When I was a kid, I thought being a game warden would be a neat career but certainly a difficult job to land.
As a former warden who understands the time commitment of the job, along with the challenges and rewards, I initially fell into the category of wrongly thinking I wouldn’t get hired. Yet, I did, and so could you; the only way to find out is to apply.
The reason I bring this up is the North Dakota Game and Fish Department has scheduled an examination to select district game warden candidates. The test is set for 10 a.m. June 11 at the department's main office in Bismarck.
The hiring process isn’t open a few times a year, every year or on any regular schedule. The Game and Fish Department schedules the test when they have open positions.
As sought-after as the career typically is, the competition is keen, and the job requirements mean the testing, training and field training, along with fulfilling the probationary period, are all necessary to make sure the department and wardens meet the standards established to ensure the job duties are met.
The first step is meeting the eligibility requirements:
Applicants must be at least 21 years of age and have a bachelor’s degree at time of hire.
Have a valid driver’s license and a current North Dakota peace officer license.
Or be eligible to be licensed.
Candidates must successfully complete a comprehensive background check.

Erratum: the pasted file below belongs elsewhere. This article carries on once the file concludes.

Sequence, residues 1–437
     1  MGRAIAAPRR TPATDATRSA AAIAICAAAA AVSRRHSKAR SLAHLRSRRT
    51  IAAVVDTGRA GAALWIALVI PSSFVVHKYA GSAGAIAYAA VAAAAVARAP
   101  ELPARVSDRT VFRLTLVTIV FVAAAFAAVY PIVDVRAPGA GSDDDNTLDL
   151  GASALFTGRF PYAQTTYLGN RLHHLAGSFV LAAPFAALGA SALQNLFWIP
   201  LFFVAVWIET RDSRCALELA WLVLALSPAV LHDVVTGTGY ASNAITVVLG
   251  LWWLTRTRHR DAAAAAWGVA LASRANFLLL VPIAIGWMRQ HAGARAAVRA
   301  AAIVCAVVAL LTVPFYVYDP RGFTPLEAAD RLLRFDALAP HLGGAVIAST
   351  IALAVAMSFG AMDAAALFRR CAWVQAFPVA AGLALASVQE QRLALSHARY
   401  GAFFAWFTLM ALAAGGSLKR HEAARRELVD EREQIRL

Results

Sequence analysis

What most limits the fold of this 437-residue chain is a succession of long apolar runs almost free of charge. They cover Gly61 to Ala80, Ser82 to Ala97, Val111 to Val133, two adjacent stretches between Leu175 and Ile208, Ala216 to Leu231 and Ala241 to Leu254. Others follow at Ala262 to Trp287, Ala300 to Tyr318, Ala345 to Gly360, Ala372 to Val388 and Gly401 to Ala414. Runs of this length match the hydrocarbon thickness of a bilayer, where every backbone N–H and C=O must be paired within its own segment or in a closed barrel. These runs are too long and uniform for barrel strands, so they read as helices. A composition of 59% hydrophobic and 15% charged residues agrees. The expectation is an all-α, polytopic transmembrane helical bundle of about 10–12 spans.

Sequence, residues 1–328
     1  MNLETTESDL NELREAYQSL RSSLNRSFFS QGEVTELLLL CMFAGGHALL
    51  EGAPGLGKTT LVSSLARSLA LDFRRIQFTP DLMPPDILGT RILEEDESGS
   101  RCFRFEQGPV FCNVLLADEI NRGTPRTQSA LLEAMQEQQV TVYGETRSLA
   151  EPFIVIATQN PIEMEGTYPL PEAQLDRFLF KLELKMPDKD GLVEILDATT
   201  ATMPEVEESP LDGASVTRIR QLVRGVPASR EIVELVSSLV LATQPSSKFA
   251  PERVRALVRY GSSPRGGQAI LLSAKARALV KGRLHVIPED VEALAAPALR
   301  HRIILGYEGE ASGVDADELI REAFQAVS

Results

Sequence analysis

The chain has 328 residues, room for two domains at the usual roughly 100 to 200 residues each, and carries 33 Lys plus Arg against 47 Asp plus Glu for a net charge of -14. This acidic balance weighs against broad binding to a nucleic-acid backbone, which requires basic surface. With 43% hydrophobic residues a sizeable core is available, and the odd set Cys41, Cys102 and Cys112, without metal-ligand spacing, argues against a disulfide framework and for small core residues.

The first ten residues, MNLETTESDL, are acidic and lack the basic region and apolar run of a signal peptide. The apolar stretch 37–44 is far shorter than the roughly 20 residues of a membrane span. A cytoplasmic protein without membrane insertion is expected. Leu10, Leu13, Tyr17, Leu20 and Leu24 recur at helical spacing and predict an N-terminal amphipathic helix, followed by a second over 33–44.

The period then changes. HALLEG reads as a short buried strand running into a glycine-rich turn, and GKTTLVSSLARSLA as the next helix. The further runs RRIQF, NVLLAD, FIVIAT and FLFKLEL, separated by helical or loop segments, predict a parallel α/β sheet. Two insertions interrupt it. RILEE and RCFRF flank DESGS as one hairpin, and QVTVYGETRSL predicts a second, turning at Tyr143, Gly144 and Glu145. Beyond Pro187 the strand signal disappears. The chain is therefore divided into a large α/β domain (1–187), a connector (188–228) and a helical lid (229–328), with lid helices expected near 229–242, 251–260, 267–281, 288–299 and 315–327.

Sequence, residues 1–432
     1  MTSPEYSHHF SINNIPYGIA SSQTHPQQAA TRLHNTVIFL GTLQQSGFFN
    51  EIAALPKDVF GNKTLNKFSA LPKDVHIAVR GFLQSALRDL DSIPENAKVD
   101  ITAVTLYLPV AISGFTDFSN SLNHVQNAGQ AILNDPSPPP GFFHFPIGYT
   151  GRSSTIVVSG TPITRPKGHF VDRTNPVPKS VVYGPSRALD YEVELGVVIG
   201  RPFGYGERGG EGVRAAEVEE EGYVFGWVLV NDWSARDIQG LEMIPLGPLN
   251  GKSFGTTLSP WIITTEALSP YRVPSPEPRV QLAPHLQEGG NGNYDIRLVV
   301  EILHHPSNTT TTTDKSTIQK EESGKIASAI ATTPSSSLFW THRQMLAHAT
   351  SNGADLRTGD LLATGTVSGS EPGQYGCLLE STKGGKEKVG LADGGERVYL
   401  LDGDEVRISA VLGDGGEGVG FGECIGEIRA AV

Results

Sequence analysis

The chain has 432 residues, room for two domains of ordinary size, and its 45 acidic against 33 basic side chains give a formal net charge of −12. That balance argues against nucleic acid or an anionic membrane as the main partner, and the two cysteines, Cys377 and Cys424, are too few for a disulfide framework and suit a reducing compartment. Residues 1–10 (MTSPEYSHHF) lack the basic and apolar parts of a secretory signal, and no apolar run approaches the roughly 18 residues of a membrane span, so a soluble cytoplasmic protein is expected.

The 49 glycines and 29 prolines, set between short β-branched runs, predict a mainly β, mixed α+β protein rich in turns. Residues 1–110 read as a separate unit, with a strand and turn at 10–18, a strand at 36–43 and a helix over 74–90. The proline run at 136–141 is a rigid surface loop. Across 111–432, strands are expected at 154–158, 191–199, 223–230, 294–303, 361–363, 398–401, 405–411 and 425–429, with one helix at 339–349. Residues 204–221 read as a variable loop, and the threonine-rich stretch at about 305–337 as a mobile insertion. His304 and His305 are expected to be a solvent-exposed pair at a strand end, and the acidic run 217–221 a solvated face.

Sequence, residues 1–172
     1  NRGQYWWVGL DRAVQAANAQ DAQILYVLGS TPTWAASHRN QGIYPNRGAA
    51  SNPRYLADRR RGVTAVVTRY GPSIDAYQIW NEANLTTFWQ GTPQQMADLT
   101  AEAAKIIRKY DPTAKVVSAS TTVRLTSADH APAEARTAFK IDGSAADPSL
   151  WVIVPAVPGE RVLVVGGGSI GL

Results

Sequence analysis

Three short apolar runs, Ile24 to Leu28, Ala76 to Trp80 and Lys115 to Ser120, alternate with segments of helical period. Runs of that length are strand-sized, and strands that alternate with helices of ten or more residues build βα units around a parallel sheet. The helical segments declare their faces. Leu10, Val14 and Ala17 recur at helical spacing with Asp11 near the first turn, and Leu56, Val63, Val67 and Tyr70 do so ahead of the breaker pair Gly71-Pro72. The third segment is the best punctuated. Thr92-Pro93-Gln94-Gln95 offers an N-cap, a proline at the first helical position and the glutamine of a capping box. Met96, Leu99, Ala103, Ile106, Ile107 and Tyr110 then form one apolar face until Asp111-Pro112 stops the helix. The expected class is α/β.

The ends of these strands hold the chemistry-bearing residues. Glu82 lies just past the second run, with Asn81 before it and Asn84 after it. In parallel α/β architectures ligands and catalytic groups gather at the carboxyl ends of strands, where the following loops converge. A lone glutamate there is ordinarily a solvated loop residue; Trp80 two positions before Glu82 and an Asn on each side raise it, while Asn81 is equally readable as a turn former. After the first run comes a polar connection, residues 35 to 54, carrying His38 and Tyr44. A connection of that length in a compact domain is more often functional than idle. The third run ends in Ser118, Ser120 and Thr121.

Must not have a record of any felony convictions.
Within the job eligibility requirements, a degree in criminal justice, fisheries and wildlife management or related field is not required but is beneficial. Game wardens have been hired from various backgrounds, and part of the pedigree would include an interest in law enforcement and knowledge of fish and wildlife. If you do meet the requirements, I’d encourage you to apply. Don’t hesitate to contact your local warden or the enforcement division headquarters in Bismarck if you have any questions.
Wardens typically work alone under varied conditions, at all hours of the day, night and weekends. In addition to law enforcement duties, wardens assist in the areas of public relations, education programs and hunter and boat safety education.
Understand, the work of a game warden closely follows hunting, fishing and outdoor recreation, but being a great angler or avid hunter doesn’t equate to a preferred game warden candidate any more than being a baseball fan means you’d be a great pitcher or coach.
I can relate on a personal note as one who started off my Game and Fish career as a warden in Bottineau, N.D., and then West Fargo. The work is second to none in many categories, and I can attest to the personal thought of wondering if I’d make the cut. I did and enjoyed the job.
There’s no need to put it off and say, “maybe next time.” Take the test and see what happens.
For more information, see the district game warden job announcement on the Game and Fish website, gf.nd.gov.
Applicants must register no later than June 8 by submitting an online application through the North Dakota State Job Openings website.
Leier is an outreach biologist for the North Dakota Game and Fish Department. Reach him at email@example.com.